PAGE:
A SpaceX Falcon 9 rocket helped deliver another batch of 60 Starlink satellites to low-Earth orbit Wednesday, further advancing?the internet-beaming constellation that has already secured half a million pre-orders.
”To date, over half a million people have placed an order or put down a deposit for Starlink,”?Youmei Zhou, a SpaceX propulsion engineer, said during a?webcast?leading up to the 2:59 p.m. launch from Cape Canaveral Space Force Station. “With every launch, we get closer to connecting more people across the world.”
SpaceX confirmed successful deployment of the?satellites – the 29th Starlink batch to date – about an hour after liftoff. Falcon 9 rockets have so far delivered more than 1,700 of the flat-packed spacecraft to low-Earth orbit from pads in Florida and California.
Zhou?said SpaceX has begun accepting orders in Belgium and the Netherlands, further indicating Starlink’s slow spread toward global coverage. Services are currently offered in the U.S., Canada, New Zealand, Australia, United Kingdom, and some other portions of continental Europe.
With each launch, the Seattle-based Starlink team hopes to improve speeds, reliability, and latency, though global expansion remains the primary goal. SpaceX will need thousands more satellites operating about 350 miles above Earth’s surface to provide worldwide coverage.
Beyond that, SpaceX will need to occasionally augment the constellation with consistent launches to battle orbital decay?caused by?friction with the upper portions of the atmosphere.
Wednesday’s liftoff from Launch Complex 40 marked SpaceX’s 16th mission of the year; the second flight for this specific booster; and the company’s 85th successful landing, this time on the Just Read the Instructions drone ship.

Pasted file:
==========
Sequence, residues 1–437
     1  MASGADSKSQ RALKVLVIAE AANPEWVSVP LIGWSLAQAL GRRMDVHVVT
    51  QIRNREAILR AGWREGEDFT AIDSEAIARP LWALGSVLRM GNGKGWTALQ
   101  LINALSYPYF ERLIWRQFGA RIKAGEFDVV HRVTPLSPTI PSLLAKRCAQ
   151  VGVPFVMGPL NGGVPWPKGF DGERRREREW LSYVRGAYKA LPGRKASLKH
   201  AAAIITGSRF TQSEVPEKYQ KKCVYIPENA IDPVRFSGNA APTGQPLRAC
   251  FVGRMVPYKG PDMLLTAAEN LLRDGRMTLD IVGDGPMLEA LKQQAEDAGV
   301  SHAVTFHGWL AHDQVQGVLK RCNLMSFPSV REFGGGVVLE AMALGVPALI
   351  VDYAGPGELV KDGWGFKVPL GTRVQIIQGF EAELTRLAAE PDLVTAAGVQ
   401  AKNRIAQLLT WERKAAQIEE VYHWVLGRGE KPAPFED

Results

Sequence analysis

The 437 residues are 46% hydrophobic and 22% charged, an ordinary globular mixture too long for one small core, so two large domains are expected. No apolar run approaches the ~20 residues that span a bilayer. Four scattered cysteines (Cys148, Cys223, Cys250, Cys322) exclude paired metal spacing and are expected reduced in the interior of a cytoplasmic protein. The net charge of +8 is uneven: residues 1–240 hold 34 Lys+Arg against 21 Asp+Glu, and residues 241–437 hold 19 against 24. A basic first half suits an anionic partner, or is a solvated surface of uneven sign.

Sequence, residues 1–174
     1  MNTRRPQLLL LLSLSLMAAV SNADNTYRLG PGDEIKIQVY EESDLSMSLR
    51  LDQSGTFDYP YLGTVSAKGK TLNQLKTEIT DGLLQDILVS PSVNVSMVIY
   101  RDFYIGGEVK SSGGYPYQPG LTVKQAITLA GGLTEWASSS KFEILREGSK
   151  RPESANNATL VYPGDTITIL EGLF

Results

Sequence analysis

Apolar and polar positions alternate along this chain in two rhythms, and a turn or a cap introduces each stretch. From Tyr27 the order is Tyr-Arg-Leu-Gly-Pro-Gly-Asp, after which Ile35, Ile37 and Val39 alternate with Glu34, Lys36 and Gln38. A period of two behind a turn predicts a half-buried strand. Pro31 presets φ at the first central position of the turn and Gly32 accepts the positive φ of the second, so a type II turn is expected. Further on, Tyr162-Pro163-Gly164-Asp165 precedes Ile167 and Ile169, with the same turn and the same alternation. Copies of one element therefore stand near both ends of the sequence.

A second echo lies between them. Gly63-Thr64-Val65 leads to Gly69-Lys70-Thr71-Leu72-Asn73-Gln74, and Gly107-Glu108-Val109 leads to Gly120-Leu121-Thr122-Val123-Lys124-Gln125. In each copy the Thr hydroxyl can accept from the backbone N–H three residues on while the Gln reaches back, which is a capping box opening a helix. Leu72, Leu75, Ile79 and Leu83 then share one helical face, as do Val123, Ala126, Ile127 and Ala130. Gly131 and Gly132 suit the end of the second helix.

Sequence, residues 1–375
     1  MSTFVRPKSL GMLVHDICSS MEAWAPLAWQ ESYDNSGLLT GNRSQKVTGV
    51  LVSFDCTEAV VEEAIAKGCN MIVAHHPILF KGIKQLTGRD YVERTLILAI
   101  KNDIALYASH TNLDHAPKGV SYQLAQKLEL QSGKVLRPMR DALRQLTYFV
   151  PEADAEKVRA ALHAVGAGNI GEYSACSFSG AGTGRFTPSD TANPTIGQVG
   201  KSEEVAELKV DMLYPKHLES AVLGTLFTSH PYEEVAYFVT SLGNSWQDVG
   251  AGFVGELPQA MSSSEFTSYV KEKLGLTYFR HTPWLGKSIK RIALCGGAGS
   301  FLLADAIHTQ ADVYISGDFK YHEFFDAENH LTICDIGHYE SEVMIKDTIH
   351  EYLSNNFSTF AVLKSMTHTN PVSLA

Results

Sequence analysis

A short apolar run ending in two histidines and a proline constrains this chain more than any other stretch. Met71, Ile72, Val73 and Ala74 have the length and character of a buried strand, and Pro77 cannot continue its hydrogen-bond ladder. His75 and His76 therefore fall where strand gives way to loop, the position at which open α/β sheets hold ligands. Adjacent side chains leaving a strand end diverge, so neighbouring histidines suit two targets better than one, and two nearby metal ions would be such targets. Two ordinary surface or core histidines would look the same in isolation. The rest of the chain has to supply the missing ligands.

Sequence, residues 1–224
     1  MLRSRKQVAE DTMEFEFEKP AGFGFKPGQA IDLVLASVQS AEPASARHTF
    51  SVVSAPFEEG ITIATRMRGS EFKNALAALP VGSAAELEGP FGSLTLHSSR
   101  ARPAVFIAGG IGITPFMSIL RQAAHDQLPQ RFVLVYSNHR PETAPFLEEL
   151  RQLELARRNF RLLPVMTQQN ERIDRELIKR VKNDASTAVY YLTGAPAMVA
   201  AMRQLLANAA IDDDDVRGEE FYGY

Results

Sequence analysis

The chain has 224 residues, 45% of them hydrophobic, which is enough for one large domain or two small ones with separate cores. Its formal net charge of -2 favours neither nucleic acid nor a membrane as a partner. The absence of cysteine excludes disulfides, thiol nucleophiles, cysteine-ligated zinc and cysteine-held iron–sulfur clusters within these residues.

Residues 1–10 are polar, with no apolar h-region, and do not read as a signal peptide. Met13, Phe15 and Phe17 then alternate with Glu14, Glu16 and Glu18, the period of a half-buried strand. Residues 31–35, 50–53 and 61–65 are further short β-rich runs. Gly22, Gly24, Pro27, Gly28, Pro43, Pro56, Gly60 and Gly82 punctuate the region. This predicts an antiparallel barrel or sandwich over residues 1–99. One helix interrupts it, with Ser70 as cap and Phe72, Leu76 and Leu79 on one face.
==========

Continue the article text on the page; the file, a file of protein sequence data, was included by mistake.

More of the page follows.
So far, the Space Coast has hosted 17 launches in 2021 with an accelerated cadence planned for June – SpaceX and United Launch Alliance are prepping for five total missions.
SpaceX’s first Falcon 9 launch, slated for 1:29 p.m. June 3, will fly a Cargo Dragon spacecraft from Kennedy Space Center with supplies destined for the International Space Station. A SiriusXM radio satellite,?GPS spacecraft, and multi-payload mission for the Space Force will follow through the month, though dates are still being firmed up.
ULA’s most powerful version of the Atlas V rocket with five solid rocket boosters, meanwhile, is targeting June 23 for its launch of a multi-payload Space Force mission known as Space Test Program-3. An exact time has not yet been released.
For the latest, visit floridatoday.com/launchschedule.
Contact Emre Kelly at firstname.lastname@example.org or 321-242-3715. Follow him on Twitter, Facebook and Instagram at @EmreKelly. Support space journalism by subscribing at?floridatoday.com/specialoffer/.
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